Film Review – Rampage


DIRECTED BY: Brad Peyton

STARRING: Dwayne Johnson, Naomie Harris, Jeffrey Dean Morgan, Malin Åkerman, Jake Lacy, Joe Manganiello, Marley Shelton, P.J Byrne, Demetrius Grosse, Jack Quaid, Breanne Hill, Matt Gerald, Urijah Faber, Bruce Blackshear and Will Yun Lee

 

SYNOPSIS

When three different animals become infected with a dangerous pathogen, a primatologist and a geneticist team up to stop them from destroying Chicago.

Primatologist Davis Okoye, a man who keeps people at a distance, shares an unshakable bond with George, an extraordinary intelligent albino gorilla that he has taken care of since birth. One night, rogue genetic experiment canisters lands from space and transforms a wolf, a crocodile and George into raging monsters. As these mutated monsters wreak havoc across the country, Okoye teams with a discredited genetic engineer to secure an antidote to not only halt a global catastrophe, but to save his friend in the process.

Rampage is a film adaptation of the 80’s video game from Midway Games. Primatologist Davis Okoye, a man who keeps people at a distance, shares an unshakable bond with George, an extraordinary intelligent albino gorilla that he has taken care of since birth. Meanwhile on a research space station, an experiment goes wrong and leads to the destruction of the station as a crew member escapes in a pod with canisters containing a  pathogen owned by gene manipulation company Energyne. As the pod disintegrates upon re-entry, the pathogen ends up in three locations, where a wolf in a forest, a crocodile in a lake and George at the Zoo he’s staying at, where the creatures are exposed to it and turn into larger, aggressive mutations of themselves. As the monsters wreak havoc across the country, Okoye teams with a discredited genetic engineer to secure an antidote to stop the monsters from causing more chaos, while also getting his friend George back in the process.

 

Making a film adaptation of a video game which focuses on monsters smashing buildings and….that’s pretty much it, the film knows exactly how it is and gives the audience what they’re expecting….particularly in the final twenty to twenty-five minutes. The film takes time to bring the audience in on the relationship between Davis and George, unsurprisingly enough their arc is one of the best dynamics of the film. Dwayne Johnson is good in the role of Davis Okoye and undoubtably if it was anyone else in the lead role, I find it difficult to believe that this film would be passable without him. Johnson is at this stage of doing this projects that, besides Baywatch in recent years, he manages to be believable in not only the role but the lines that he delivers. Also worth mentioning Jason Liles, the actor that does the motion-capture of George, does a good job in that department too, especially in how and Johnson establish the relationship between Davis and George in the opening act of the film before he gets infected by the pathogen. The action sequences are kept pretty low-key before the final act, such as a military group attempting to take out the wolf in the forest and George raging out in a plane, I thought these were pretty effective and considering the film has a 12A rating, some of the deaths are pretty gruesome (though of course all the blood…well, most of the blood) is missing to keep it at that kid-friendly rating. While the film features a heavy ensemble, the one that’s a particular highlight is Jeffrey Dean Morgan, who literally looks like he’s just walked off the set of The Walking Dead, bringing with him that Negan lean of his and putting on a suit and chewing up the scenery as a government cowboy.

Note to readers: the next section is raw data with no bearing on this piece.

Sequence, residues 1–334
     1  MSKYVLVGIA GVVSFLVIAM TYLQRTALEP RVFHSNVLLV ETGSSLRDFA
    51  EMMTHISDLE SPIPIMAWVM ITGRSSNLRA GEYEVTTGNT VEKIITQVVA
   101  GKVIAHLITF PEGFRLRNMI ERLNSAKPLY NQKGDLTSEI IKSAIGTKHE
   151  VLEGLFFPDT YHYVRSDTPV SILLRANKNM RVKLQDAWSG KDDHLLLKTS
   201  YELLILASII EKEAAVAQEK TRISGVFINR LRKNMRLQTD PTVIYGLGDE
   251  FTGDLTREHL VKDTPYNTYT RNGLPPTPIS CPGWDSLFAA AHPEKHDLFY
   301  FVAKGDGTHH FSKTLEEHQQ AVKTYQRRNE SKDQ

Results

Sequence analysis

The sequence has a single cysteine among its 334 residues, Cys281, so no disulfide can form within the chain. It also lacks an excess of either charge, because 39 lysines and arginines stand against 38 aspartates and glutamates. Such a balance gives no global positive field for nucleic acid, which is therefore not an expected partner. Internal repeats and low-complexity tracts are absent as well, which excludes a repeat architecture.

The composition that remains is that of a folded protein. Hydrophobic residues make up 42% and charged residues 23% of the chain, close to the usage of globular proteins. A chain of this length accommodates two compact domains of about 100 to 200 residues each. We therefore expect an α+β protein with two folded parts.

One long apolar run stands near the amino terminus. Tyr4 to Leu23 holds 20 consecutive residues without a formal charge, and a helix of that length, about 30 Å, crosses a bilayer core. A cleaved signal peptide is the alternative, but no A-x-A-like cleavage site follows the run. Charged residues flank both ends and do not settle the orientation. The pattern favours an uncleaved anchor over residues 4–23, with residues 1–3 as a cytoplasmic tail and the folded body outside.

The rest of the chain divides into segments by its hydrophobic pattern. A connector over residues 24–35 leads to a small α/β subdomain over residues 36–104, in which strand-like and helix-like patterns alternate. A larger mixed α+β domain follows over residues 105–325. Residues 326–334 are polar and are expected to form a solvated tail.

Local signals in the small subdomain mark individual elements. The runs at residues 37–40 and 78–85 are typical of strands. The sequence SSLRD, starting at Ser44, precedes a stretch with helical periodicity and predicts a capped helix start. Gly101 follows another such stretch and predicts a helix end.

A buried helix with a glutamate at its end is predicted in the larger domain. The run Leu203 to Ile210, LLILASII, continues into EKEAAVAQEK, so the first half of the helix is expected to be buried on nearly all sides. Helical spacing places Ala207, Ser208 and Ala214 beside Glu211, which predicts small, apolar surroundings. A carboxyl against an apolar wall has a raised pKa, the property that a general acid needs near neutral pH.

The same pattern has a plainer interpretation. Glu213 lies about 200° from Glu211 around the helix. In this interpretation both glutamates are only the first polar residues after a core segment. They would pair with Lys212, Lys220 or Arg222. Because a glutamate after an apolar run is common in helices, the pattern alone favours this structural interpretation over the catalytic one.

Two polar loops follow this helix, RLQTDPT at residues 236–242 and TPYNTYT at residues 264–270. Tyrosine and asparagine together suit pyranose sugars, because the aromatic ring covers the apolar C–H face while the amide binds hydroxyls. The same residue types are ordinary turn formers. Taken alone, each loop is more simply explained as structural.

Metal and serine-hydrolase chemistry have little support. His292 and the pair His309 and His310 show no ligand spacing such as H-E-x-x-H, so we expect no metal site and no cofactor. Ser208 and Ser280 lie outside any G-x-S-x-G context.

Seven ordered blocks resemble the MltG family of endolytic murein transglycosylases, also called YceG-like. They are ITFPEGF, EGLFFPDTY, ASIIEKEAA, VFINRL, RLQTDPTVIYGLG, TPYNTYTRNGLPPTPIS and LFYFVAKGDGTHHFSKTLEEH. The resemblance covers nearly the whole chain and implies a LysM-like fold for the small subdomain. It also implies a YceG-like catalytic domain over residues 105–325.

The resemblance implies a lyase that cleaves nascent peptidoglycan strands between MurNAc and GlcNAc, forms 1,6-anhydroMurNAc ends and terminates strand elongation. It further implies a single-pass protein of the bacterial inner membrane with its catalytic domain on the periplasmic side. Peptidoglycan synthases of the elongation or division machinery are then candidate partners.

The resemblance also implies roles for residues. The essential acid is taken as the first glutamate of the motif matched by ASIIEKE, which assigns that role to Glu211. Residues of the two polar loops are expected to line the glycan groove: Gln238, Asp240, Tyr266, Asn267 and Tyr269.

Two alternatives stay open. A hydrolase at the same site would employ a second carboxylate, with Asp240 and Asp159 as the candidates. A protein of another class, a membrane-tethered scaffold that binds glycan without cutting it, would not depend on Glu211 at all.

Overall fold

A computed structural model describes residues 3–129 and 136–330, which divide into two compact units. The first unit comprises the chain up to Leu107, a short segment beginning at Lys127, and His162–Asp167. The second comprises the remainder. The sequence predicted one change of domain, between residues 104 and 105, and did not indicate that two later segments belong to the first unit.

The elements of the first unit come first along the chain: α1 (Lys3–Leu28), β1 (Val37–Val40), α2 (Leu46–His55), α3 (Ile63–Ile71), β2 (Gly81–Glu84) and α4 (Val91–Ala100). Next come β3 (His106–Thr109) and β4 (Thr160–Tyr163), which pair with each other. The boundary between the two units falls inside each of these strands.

The film is based on a thin premise and the story itself is pretty dumb, with characters that are brought in that are either dropped forever (P.J Byrne’s Nelson) or used as canon fodder (one notable name in particular). If you ever wondered what a Team Rocket (yes, a Pokemon reference) would look like in a live-action format, it wouldn’t be too far off the main villains here in brother and sister duo Claire and Brett Wyden. The two absolutely ham it up on screen, they look like they’ve just walked in from a cartoon series because only is their mastermind scheme of bringing the monsters to them an awful idea, it makes absolutely no sense. The special effects for the most part are good (George’s look in particular), though the green screen/special effects does get clunky in the final act. If any film viewers had an issue with the Superman vs Zod fight in Man of Steel because of the lack of awareness of the destruction and body count, then prepare for the monster of all destruction and body counts in Rampage. I felt that Naomie Harris was underused here, mainly because her character isn’t given much to do, in my opinion.

 

VERDICT

Rampage is a B-movie standard popcorn flick with two absolutely terrible villains that can easily be removed from the film and nothing would be lost. The film knows what it is and delivers on the action, particularly in the final act. Dwayne Johnson good here as the lead character and it’s his characters friendship with George the gorilla that gives the audience something to invest in. Jeffrey Dean Morgan is another personal highlight. 6/10

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